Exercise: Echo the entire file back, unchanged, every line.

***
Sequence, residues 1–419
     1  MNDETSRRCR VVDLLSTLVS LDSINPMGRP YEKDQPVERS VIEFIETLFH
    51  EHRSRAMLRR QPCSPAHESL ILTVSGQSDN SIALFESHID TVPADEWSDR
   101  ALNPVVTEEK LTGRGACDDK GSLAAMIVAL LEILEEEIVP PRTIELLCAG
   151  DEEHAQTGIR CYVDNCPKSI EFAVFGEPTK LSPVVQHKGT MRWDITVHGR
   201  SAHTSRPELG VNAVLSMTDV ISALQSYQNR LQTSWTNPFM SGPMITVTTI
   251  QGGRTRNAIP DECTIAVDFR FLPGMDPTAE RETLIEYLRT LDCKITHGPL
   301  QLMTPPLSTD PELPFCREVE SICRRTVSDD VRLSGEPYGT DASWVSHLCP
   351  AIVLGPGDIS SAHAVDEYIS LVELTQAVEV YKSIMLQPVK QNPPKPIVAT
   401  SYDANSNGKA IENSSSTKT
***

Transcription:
Sequence, residues 1–419
     1  MNDETSRRCR VVDLLSTLVS LDSINPMGRP YEKDQPVERS VIEFIETLFH
    51  EHRSRAMLRR QPCSPAHESL ILTVSGQSDN SIALFESHID TVPADEWSDR
   101  ALNPVVTEEK LTGRGACDDK GSLAAMIVAL LEILEEEIVP PRTIELLCAG
   151  DEEHAQTGIR CYVDNCPKSI EFAVFGEPTK LSPVVQHKGT MRWDITVHGR
   201  SAHTSRPELG VNAVLSMTDV ISALQSYQNR LQTSWTNPFM SGPMITVTTI
   251  QGGRTRNAIP DECTIAVDFR FLPGMDPTAE RETLIEYLRT LDCKITHGPL
   301  QLMTPPLSTD PELPFCREVE SICRRTVSDD VRLSGEPYGT DASWVSHLCP
   351  AIVLGPGDIS SAHAVDEYIS LVELTQAVEV YKSIMLQPVK QNPPKPIVAT
   401  SYDANSNGKA IENSSSTKT